Africa

South Sudan pound to be launched next week

  • 11 July 2011
  • From the section Africa
A man waves South Sudan's national flag as he attends the independence day celebrations in the capital Juba, 9 July 2011
Southerners fought a long war for independence

South Sudan, the world's newest country, will launch its currency next week, officials say.

The South Sudan pound will feature the image of the late John Garang, the south's most revered leader, the AP news agency reports.

A 2005 peace deal that Mr Garang signed with Khartoum paved the way for the south's independence on 9 July.

Analysts say the launch of a currency is one of many challenges facing the new East African state.

Finance Minister David Deng Athorbei said plane-loads of the South Sudan pound would arrive in the capital, Juba, on Wednesday and it would be in circulation by Monday, the AFP news agency reports.

Its exchange rate would be fixed one-to-one with the former currency, the Sudanese pound, Mr Athorbei is quoted by AFP as saying.

'First football match'

He said the South Sudan government had battled to pay salaries for June and July.

"This difficulty is related to the fact that the Khartoum government did not deliver us the physical cash," Mr Athorbei said.

The south's independence follows decades of conflict with the north in which some 1.5 million people died.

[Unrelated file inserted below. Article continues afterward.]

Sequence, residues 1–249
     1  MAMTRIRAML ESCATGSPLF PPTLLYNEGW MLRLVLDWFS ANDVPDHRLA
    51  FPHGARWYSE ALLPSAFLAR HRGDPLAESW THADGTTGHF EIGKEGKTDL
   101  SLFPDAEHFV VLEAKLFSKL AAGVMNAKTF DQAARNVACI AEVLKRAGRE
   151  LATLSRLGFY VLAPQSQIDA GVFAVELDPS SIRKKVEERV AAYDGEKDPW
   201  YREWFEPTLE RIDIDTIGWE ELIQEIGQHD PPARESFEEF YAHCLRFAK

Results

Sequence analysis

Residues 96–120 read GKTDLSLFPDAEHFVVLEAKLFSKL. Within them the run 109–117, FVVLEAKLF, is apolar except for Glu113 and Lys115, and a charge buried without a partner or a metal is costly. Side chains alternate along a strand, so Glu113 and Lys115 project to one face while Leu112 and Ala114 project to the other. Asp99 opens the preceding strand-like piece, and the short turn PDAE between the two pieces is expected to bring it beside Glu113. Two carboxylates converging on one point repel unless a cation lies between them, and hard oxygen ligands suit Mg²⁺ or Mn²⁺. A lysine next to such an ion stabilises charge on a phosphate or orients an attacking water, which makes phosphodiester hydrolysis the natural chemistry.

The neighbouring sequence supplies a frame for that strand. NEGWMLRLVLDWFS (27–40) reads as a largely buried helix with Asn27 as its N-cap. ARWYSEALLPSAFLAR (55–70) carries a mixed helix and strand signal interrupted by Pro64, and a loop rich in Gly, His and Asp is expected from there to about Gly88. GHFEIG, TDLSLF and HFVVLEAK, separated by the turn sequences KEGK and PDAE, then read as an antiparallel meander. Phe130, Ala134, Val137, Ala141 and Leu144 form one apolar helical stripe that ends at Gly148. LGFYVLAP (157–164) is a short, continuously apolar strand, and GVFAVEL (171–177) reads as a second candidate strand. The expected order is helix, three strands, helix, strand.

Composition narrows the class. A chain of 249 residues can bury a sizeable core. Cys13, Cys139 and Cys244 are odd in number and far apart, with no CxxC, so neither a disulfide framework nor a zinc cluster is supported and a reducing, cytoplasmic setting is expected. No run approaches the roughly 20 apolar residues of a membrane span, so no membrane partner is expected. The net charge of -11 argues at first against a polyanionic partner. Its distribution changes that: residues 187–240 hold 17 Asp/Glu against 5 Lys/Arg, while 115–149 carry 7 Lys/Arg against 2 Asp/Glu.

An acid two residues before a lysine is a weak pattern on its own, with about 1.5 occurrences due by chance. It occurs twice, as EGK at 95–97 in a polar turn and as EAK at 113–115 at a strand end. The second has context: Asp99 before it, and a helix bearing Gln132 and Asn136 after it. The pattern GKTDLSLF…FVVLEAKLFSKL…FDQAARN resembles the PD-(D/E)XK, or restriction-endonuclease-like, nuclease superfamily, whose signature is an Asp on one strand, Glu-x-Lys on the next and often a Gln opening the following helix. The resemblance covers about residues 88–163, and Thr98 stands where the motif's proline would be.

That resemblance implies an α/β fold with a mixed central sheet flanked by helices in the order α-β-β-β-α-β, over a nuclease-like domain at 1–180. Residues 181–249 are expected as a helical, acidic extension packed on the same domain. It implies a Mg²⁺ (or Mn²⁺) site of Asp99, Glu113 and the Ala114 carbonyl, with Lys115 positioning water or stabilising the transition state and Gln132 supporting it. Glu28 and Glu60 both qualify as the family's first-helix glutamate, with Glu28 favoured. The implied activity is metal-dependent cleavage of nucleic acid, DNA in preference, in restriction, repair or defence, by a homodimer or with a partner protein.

Saturday's independence ceremony was held at the mausoleum of Mr Garang, who died just months after signing the peace deal with Khartoum.

John Garang was for years the charismatic leader of the southern rebels

On Sunday evening, South Sudan played its first football match, in the capital, Juba.

However, the new national team lost 3-1 to Kenyan club side Tusker FC after taking a 1-0 lead.

South Sudan has not yet been accepted as a member of the world football body Fifa and so the match was not officially recorded.

South Sudan is rich in oil, but is one of the least developed countries in the world, where one in seven children dies before the age of five.

Correspondents say keeping both the north and the south stable will be a challenge.

Fears of a new war resurfaced after recent fighting in the border areas of Abyei and South Kordofan, where some 170,000 people have been forced from their homes.

Separate deals - and the withdrawal of rival forces from the border - have calmed tensions.

But the two sides must still decide on issues such as drawing up the new border and how to divide Sudan's debts and oil wealth.

Citizenship is also a key sticking point. A new law passed by the National Assembly in Khartoum has withdrawn Sudanese citizenship from all southerners.

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